Theses and Dissertations - UTB/UTPA

Date of Award


Document Type


Degree Name

Doctor of Philosophy (PhD)


Business Administration

First Advisor

Dr. Hale Kaynak

Second Advisor

Dr. Jorge A. Gonzalez

Third Advisor

Dr. Michael A. Abebe


Improving the quality of healthcare services available to patients and increasing the efficiency of treatment processes are two pressing needs of the U.S. healthcare system. Aside from extensive research on medicine and disease-specific cures, extant literature does not offer a comprehensive framework that considers all determinants of patient care quality. The objective of this research is to offer an empirically tested framework that may be used by full-service U.S. hospitals to improve the quality of care available to their admitted patients. This framework draws in variables from both external as well as internal hospital supply chains, as recommended by many healthcare experts, and uses lean principles as the basic underlying philosophy thereby filling the aforementioned gap in the literature. To test the hypotheses a cross-sectional online survey was conducted resulting in responses from 294 senior hospital executives located all over the U.S. Structural equation modeling using LISREL 8.53 software was used to analyze the data. The results of the study demonstrate empirical support for all the suggested hypotheses. This research contributes to operations and healthcare literature. First, a unified supply chain framework is offered that integrated several constructs which have been mentioned in a piecemeal manner across several studies in healthcare, operations and medical fields. Second, the results of this study highlight the need for academicians to comprehensively measure patient care quality (PCQ). Typically, three dimensions of PCQ--interpersonal, environmental and administrative quality--are overlooked in the operations and healthcare literature. Third, hospitals need to effectively manage relationships with their suppliers because lean practices cannot be implemented without active supplier and cooperation. Finally, this research provides empirically tested measures for PCQ which are more comprehensive than those available in extant literature. The framework has implications for healthcare practice as well. Patients in hospitals would benefit from an integration of the entities of the hospital supply chains because the healthcare system would then focus on the effectiveness and efficiency of all elements and their individual processes. Full-service hospitals across the U.S. may find the framework useful in their efforts to improve the quality of admitted patient care.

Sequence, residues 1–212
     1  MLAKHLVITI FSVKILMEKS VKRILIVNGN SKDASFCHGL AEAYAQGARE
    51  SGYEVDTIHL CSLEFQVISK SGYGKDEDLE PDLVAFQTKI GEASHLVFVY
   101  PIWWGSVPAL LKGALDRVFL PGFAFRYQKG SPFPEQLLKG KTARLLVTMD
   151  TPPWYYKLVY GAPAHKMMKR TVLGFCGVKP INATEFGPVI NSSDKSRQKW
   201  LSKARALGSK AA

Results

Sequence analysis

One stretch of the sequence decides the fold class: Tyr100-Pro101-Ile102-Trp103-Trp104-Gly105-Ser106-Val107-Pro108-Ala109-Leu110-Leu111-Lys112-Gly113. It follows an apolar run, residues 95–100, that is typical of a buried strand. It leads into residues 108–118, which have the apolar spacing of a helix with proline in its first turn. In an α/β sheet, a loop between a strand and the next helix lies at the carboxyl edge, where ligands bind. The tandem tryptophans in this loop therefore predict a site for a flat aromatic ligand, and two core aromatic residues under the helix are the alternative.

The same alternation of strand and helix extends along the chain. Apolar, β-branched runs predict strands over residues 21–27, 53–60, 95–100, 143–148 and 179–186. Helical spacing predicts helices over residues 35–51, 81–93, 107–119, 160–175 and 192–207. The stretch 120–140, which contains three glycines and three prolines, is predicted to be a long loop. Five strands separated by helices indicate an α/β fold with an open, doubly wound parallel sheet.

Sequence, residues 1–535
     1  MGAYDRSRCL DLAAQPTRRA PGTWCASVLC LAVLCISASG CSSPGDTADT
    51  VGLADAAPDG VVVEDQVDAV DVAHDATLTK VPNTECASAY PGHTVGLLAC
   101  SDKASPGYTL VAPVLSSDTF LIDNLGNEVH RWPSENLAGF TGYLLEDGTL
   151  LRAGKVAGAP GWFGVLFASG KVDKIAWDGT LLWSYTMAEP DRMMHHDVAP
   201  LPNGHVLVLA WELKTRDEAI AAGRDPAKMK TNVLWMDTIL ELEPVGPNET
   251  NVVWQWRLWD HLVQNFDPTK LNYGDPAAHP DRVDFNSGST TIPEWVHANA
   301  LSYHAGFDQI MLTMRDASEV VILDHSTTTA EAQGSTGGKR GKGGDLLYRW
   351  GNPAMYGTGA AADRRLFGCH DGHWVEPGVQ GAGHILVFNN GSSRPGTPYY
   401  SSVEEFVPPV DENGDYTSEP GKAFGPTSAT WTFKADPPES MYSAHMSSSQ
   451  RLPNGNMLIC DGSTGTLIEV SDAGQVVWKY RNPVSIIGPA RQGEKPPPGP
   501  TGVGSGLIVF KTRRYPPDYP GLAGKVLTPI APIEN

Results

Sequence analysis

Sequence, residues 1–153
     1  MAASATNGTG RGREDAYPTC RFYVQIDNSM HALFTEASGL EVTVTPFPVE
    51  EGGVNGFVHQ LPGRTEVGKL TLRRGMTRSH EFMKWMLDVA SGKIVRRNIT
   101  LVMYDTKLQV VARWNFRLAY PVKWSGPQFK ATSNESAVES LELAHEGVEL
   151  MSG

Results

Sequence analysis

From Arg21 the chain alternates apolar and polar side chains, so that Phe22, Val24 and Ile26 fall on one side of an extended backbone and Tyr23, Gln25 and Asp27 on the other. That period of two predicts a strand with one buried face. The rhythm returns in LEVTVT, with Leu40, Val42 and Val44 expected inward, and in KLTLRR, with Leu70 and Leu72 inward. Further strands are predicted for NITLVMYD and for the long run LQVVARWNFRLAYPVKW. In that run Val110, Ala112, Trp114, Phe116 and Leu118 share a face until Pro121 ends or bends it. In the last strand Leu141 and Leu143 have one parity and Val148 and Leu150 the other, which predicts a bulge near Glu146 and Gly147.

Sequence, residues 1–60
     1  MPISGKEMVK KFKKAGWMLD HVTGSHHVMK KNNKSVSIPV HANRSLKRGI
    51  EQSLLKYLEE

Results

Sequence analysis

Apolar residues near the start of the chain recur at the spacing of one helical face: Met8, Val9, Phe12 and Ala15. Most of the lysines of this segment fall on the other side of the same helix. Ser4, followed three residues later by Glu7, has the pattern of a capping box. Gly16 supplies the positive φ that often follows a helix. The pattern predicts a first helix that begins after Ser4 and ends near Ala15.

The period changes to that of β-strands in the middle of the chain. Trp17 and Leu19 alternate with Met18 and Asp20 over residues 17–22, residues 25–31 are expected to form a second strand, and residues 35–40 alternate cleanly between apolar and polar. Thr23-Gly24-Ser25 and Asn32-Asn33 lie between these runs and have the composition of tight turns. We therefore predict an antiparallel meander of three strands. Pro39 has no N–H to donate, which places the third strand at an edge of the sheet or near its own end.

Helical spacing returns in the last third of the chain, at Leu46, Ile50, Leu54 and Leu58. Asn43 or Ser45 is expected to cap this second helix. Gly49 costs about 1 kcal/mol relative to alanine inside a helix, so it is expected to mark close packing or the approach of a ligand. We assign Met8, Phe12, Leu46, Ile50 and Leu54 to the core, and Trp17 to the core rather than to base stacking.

Copyright 2015 Subhajit Chakraborty. All Rights Reserved.

Granting Institution

University of Texas-Pan American